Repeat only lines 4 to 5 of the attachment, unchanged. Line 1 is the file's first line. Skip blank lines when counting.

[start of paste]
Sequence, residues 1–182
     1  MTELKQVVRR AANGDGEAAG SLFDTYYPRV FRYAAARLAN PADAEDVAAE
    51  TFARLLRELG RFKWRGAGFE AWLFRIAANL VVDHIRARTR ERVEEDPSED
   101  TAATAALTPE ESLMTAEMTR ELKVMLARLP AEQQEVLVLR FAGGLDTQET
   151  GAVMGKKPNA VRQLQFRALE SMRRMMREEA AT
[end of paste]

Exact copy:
   101  TAATAALTPE ESLMTAEMTR ELKVMLARLP AEQQEVLVLR FAGGLDTQET
   151  GAVMGKKPNA VRQLQFRALE SMRRMMREEA AT